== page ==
• Other linkage is through the spread of fake currency. Terrorists are the main agent of this currency. Indian mujahidin resorted to crime to raise funds. This includes robberies and kidnapping. Maoists terror movement also uses coercion, robberies of banks and kidnapping to collect huge funds.
  • Nexus between organized crime and terrorism increases also due to many factors such as globalization in which free flow of trade and human provide opportunity for both to intermingle, communication rebellion through internet, end of cold war that reduce state financing of terrorist therefore terrorist indulge in criminal activities to fill financial needs and lastly, global war on terror.

Conclusion:

In summary, the usual distinction between terrorist and criminal organizations  is  really  a  continuum,  with  purely  financial  motives  at one extreme and purely ideological or political objectives at the other.


Topic:Ethics and Human Interface: Essence, determinants and consequences of Ethics in human actions; dimensions of ethics; ethics in private and public relationships. Human Values – lessons from the lives and teachings of great leaders, reformers and administrators; role of family, society and educational institutions in inculcating values.

7) “We are what we think. All that we are arises with our thoughts. With our thoughts, we make the world.” Comment upon the relevance of statement in the context of ethical conduct of an individual.(250 words)

Ethics by Lexicon publications

Why this question:

The quote is given by Gautam Buddha, one has to elucidate upon the statement in relevance of ethical conduct.

Key demand of the question:

Explain in detail the relevance and significance of the quote.

Directive:

Commenthere we have to express our knowledge and understanding of the issue and form an overall opinion thereupon.

Structure of the answer:

Introduction: 

Define and expand upon the quote.

Body:

The quote needs to be explained with detailed case studies, one should explain how it is clear that an individual is what he/she thinks, it’s the thoughts that build a person, the attitude and values are engrained based upon the thoughts of a person.

Conclusion:

Conclude with importance of thoughts and values in individual’s life.

Introduction:

It is said that our beliefs become our thoughts, our thoughts become our words, our words become our actions, our actions become our habits, our habits become our values, our values become our destiny.  Human action and attitude is determined by the thought process and the consciousness one possesses. It is made up of bundle of thoughts that gives a shape to his action and motive and ingrained in his personality.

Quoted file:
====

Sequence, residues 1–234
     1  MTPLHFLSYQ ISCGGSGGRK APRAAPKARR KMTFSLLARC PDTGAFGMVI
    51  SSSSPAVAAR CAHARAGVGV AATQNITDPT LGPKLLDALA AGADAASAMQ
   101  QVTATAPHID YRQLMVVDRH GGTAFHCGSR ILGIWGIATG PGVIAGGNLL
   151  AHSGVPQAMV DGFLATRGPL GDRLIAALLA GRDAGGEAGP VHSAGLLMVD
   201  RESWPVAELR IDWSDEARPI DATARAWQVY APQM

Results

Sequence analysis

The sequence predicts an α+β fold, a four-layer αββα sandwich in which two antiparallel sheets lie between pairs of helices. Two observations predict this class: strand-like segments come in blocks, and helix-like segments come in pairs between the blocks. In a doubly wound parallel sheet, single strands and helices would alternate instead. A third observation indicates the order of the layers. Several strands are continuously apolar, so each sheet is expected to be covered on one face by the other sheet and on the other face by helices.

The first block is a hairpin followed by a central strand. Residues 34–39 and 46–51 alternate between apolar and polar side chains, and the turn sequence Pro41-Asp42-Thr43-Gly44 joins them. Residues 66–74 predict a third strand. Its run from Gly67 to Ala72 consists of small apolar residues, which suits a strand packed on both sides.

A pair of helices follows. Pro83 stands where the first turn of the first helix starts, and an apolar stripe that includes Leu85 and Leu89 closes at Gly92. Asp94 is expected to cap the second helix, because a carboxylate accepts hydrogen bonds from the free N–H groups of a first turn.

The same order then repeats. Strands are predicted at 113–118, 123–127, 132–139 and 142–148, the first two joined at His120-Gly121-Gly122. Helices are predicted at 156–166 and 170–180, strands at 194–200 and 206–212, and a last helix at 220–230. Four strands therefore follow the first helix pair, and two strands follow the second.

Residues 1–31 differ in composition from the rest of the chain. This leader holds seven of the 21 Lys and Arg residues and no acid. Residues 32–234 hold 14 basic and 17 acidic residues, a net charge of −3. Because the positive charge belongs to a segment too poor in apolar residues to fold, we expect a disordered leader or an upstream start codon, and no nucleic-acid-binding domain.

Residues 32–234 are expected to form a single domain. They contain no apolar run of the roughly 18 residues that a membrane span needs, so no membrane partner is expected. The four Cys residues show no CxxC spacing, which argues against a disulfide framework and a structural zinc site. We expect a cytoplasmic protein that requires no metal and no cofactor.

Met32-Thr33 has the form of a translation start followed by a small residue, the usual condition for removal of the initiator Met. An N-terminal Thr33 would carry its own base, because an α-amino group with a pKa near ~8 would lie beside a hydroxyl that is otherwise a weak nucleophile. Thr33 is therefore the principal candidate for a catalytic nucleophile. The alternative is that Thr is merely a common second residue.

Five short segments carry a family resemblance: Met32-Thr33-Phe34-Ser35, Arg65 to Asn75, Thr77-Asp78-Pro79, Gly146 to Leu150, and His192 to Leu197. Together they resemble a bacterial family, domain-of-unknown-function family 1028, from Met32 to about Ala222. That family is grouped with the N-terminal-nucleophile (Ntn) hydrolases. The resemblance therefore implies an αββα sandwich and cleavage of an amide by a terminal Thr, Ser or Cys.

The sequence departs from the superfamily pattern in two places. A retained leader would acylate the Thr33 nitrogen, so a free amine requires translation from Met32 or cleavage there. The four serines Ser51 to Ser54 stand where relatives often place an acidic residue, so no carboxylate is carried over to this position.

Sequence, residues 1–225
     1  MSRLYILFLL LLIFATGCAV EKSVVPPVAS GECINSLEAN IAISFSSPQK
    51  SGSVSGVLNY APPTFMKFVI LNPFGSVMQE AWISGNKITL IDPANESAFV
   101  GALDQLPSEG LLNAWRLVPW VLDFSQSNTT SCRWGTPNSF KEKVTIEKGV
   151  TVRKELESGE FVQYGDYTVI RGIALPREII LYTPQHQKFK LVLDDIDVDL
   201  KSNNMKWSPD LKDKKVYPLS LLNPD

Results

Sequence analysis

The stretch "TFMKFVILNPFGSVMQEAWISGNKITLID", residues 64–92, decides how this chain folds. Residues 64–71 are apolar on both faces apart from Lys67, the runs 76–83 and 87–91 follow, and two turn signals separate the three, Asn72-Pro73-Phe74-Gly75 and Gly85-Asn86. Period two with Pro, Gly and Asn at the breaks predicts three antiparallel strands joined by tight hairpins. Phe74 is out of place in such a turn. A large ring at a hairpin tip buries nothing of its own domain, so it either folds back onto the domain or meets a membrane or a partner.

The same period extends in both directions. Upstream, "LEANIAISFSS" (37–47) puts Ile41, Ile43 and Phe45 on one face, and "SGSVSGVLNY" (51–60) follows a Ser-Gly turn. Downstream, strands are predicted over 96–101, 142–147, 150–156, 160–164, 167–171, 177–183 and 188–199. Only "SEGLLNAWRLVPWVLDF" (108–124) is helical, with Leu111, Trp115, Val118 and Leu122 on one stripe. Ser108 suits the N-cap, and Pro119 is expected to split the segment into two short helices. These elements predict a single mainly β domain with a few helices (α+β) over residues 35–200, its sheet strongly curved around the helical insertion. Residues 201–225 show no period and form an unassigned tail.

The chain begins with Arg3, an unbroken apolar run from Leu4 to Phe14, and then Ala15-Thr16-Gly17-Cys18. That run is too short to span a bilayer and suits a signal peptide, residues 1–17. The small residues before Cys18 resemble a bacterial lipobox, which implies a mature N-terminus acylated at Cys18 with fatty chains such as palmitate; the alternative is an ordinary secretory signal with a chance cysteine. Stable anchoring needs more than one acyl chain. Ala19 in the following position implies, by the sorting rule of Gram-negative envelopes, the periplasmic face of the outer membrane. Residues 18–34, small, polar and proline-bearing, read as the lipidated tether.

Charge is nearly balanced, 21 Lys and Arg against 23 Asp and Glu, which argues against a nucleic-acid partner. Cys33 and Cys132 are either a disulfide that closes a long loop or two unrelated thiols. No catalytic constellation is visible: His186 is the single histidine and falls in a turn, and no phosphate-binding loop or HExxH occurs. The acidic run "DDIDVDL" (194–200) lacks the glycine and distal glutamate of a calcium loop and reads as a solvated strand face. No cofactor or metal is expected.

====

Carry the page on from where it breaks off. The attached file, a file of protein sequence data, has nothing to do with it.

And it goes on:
Body:

Good & positive thoughts create positive vibrations that affect human beings for their welfare. Similarly, unhealthy, bad & negative thoughts emit negative vibrations that cause harm & damage to human beings. The French revolution was brought about by the thoughts relating to liberty, equality & fraternity. Great thinkers like Plato, Aristotle, Karl Marx, and M.K.Gandhi revolutionized the world even after them by their powerful positive thoughts. Only it is essential that we should have positive thinking. We must channelize our thoughts in positive way because the energy we put into the universe will dictate the world around us.

We keep hearing from our childhood ‘As you think, so you become.’ So let us beware of our thoughts, negative thoughts erode our energy & positive thoughts provide us enlightenment. Our thought matters. Our positive thoughts will create our feelings, our positive feelings will create our actions, and our positive actions will create our life positive. They are all interconnected.

The fact is that thinking capacity of man has made him supreme among all living beings. We only need to make our thoughts positive & systematic. The systematic thought is the most significant factor behind all the major changes & the revolutions which have taken place in the world till now.

Conclusion:

As Swami Vivekananda says, “Thoughts are our chief motivating force. Fill your mind with healthy and higher thoughts, as thoughts are founders of our character, which ultimately form our destiny.”